OK you talked me into it, 52 problems on the Winnebagel in 3 years and Winnebago said we'll fix it again and again and again, so new isn't always a great thing.

Keep a stiff upper lip and forge on, we're behind you 100% and have one on me.
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Old 01-29-2010, 06:40 AM   #8
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Put down the gas can, and step away from the trailer.

I'm sure you know the separation is being caused by the axles, and if you replace them, further separation will be minimized. The 1970's Sovereigns were prone to separation (ours has it--bad), and the toilet leak could well be caused by the worn axles as well. When we moved to California, I went over some sections of road that were so rough the toilet was torn from its base.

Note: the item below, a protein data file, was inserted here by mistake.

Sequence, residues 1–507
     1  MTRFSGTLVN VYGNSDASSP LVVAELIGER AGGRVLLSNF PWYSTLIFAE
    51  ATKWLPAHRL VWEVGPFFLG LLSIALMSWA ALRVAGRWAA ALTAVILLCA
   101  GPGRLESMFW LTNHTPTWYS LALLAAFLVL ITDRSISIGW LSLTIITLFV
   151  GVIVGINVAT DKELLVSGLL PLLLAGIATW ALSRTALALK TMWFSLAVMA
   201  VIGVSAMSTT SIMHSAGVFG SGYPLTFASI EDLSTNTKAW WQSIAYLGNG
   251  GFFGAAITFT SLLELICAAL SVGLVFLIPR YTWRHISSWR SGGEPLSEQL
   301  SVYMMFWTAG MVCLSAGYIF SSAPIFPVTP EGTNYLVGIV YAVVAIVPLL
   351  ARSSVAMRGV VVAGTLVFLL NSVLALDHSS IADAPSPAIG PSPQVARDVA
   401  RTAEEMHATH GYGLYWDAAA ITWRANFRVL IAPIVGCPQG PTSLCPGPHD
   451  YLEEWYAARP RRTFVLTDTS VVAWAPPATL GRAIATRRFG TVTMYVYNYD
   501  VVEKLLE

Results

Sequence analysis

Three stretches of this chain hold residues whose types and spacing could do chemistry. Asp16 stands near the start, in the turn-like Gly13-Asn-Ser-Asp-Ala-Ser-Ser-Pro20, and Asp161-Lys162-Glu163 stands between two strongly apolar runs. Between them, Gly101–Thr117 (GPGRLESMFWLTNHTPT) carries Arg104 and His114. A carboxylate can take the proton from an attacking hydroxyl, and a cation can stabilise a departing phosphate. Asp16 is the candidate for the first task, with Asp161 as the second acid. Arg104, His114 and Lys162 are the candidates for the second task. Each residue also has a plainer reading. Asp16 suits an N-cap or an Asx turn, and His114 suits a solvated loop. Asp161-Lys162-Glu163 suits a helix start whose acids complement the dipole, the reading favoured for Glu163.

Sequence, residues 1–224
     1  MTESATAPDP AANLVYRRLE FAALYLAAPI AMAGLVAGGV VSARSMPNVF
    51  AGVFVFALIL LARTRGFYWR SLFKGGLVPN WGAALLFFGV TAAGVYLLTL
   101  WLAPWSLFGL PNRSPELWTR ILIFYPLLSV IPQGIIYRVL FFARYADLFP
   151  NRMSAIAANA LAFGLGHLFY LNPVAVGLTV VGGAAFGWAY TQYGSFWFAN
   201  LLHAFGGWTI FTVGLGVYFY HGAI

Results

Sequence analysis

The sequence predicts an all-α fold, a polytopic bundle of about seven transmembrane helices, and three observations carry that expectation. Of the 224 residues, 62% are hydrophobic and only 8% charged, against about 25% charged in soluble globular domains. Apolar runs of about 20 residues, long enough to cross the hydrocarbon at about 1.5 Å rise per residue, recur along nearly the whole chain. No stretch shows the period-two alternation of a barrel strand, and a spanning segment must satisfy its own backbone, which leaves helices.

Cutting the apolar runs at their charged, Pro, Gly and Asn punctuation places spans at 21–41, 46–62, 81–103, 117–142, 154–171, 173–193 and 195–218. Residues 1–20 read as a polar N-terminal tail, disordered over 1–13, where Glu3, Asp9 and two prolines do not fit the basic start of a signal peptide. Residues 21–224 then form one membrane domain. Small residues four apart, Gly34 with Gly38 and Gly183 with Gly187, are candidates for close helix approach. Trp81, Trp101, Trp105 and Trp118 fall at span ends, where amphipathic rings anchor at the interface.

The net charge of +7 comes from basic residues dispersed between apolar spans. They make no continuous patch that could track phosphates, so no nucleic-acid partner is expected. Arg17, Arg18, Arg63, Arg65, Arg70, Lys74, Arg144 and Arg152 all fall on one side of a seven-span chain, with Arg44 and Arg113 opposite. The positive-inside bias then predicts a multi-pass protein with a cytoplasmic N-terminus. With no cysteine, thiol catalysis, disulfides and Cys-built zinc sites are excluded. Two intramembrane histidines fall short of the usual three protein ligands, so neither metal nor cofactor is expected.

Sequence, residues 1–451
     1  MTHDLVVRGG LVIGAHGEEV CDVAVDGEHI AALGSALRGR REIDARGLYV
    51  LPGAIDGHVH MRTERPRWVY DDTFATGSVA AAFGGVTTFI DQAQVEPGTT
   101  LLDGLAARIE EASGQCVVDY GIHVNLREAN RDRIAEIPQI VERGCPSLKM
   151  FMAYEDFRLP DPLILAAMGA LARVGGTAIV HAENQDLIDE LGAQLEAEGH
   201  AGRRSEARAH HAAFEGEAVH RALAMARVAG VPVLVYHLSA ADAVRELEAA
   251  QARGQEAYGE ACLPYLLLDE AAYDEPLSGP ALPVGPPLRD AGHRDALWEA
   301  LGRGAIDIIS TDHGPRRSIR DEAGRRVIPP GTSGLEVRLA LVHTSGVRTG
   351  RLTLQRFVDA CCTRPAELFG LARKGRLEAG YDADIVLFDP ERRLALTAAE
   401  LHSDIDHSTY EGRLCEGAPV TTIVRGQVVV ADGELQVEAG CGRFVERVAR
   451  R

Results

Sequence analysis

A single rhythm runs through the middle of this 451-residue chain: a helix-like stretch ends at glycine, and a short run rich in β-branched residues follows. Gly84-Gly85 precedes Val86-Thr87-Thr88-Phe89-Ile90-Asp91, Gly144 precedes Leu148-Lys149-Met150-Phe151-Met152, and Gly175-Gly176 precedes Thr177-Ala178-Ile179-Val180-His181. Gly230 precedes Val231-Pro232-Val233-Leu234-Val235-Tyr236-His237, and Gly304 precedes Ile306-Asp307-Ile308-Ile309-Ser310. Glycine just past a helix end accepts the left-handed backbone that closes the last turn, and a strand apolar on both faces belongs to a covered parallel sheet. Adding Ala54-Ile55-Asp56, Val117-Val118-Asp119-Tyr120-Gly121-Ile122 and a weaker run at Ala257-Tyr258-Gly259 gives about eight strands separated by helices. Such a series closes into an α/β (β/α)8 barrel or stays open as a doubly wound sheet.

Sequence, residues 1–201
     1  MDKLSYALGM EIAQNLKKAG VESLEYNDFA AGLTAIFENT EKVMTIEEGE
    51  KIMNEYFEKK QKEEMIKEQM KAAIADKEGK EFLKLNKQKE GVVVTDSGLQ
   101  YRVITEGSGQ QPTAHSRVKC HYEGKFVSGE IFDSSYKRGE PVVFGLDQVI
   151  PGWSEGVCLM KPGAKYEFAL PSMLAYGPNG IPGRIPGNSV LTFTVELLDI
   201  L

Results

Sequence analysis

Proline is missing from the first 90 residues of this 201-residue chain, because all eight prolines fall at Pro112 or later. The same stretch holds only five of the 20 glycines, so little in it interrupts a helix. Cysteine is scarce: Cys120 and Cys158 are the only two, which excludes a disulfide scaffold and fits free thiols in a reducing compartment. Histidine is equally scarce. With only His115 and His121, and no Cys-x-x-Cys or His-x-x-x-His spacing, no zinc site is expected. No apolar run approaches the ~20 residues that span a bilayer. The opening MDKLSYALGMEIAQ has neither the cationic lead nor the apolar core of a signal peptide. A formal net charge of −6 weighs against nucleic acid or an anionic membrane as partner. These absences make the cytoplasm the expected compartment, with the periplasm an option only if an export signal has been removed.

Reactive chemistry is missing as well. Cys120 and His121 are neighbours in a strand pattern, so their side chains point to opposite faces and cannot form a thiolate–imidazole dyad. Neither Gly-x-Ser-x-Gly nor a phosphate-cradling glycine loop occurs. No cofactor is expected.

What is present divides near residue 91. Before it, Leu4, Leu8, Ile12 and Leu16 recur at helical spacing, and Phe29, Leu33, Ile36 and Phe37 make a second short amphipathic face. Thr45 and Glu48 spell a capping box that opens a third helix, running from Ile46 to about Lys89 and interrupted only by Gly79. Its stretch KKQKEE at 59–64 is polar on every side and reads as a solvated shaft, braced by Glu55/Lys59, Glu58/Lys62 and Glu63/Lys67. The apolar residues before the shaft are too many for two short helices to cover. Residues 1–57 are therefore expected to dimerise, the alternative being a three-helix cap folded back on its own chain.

Now, axles are relatively inexpensive, and that is something you can do yourself, and save some money on labor.
The separation on ours was "patched" before we got it, and was horribly botched by an Airstream dealer that charged the PO $4,000 to jack up the bumper, and scab on a piece of stainless steel sheet to the body to hold the frame up.
I repaired the separation in ours by unbolting and lowering the frame, and installing a new floor and floor channel. It's now solid, with no further separation, and took a day.
Of course, then the front part of the frame broke in half on the way out here, but that's another story. It's always something, even with a new RV.
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Old 01-29-2010, 07:34 AM   #9